New E-Vapor electronic cigarette shop opens in Gloucester
HEAVY smoker Ferenc Vamosi had spent more than half his life addicted to cigarettes.
That all changed when he picked up his first electronic smoke.
E-cigarettes are battery-operated products designed to replicate smoking behaviour without the use of tobacco. Some look like conventional cigarettes, while others appear more like an electronic device.
They use heat to vaporise a liquid-based solution containing nicotine into an aerosol mist and have been proposed as a way to help smokers quit.
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Ferenc has set up Gloucester's first E-Vapor shop in Westgate Street and is calling on others to try out the new technology for themselves.
"I was smoking 40 a day and tried to give up many times, using different methods," he said.
"Electronic cigarettes are the future of smoking.
"It is a healthier option to smoking, and helps people to give up.
"Like me, there are many people addicted to nicotine, but it is the carcinogens in cigarettes that are particularly dangerous.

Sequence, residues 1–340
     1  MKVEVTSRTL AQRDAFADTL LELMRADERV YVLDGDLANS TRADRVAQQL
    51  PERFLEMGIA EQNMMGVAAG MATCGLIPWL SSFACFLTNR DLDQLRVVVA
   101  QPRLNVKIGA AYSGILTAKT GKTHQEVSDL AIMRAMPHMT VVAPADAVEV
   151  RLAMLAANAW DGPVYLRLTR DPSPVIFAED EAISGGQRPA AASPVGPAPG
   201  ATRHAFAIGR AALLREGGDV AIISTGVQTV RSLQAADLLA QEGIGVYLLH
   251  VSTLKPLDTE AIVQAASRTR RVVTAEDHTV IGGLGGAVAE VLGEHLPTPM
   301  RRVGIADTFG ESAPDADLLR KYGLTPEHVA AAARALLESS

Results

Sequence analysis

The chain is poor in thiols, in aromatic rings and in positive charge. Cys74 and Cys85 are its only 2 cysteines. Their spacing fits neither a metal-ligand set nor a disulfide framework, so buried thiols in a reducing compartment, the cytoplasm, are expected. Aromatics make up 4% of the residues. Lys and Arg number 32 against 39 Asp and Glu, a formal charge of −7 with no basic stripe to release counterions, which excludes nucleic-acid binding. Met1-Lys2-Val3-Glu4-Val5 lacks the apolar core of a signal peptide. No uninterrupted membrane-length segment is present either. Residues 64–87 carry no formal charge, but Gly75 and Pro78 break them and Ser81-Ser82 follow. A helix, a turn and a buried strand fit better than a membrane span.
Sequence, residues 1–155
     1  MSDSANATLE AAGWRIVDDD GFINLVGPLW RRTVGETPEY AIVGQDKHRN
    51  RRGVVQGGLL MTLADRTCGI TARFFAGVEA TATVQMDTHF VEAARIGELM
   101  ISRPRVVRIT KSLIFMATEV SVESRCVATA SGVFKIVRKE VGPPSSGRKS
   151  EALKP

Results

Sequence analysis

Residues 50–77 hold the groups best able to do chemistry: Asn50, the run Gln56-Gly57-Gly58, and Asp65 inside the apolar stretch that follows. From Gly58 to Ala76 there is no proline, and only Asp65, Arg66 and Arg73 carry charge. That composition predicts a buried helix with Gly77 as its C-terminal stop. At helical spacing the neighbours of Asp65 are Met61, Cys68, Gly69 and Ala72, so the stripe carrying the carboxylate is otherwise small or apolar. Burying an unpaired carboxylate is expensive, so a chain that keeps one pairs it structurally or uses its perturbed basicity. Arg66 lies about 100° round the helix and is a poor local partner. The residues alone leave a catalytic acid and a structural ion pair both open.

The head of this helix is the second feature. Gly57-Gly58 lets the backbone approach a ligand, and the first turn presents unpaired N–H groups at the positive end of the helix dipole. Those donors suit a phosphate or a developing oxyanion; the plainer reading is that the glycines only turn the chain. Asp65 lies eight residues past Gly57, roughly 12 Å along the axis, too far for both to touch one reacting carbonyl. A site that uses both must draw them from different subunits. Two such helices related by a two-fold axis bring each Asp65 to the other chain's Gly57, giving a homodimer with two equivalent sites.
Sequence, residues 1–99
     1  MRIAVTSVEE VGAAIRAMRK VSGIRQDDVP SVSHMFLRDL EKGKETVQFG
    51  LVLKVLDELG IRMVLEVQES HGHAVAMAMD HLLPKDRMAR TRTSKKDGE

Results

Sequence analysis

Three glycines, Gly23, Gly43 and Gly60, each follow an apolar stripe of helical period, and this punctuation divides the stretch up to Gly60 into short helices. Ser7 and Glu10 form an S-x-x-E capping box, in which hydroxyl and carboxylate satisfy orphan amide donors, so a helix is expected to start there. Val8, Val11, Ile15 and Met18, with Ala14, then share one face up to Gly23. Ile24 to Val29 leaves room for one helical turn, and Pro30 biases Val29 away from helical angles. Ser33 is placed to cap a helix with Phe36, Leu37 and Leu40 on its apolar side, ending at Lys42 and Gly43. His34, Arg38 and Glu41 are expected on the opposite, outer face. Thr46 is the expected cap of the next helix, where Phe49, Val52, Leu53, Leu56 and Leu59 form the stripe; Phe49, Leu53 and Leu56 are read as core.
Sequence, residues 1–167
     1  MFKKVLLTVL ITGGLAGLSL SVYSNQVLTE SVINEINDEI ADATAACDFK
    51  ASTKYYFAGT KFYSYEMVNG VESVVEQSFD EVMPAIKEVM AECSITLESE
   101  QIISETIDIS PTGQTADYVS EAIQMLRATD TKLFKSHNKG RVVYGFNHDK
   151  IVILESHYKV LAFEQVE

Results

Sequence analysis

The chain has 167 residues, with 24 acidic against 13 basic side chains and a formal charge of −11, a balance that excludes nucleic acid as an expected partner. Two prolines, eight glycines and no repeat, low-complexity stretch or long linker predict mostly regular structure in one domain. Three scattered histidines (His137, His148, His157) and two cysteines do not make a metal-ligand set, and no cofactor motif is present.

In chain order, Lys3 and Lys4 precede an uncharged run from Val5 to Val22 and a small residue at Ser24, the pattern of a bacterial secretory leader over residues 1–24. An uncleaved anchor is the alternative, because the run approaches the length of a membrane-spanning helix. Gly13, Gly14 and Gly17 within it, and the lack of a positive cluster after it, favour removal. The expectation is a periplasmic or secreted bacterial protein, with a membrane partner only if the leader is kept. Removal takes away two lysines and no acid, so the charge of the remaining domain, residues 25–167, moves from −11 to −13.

"It is a good way for smokers to gradually wean themselves off tobacco.
"I was probably the most stubborn smoker ever. If it works for me, it will work for anyone.
"Now I wouldn't touch a cigarette ever again, I'm confident of that."
Ferenc sells a range of more than 30 flavours including tobacco, fruit and lemonade.
Devices from which to smoke the liquid start at £20 and go up to £50 in price.
Vapours, with varying nicotine strengths, cost from £5.
They last for around a week for a smoker with a 20 a day habit, considerably cheaper than smoking tobacco. A pack of 20 cigarettes costs £7.
The NHS Stoptober campaign launched this month, inviting smokers to give up for a month in the hope it will help them to permanently kick the habit.
There has been a mixed response to e-cigarettes from health experts.
Up until June, the industry was unregulated in the UK.
It is now kept in check by the Medicines and Healthcare Products Regulatory Agency.
The director of the British Medical Association Professional Activities, Dr Vivienne Nathanson, said more research was needed before e-cigarettes could be supported as a healthier alternative to tobacco.
Yesterday, Euro MPs voted to tighten tobacco regulations aimed at putting young people off smoking.
But they rejected a European Commission proposal to treat electronic cigarettes as medicinal products – a move that would have restricted sales.
They voted to ban cigarette flavourings.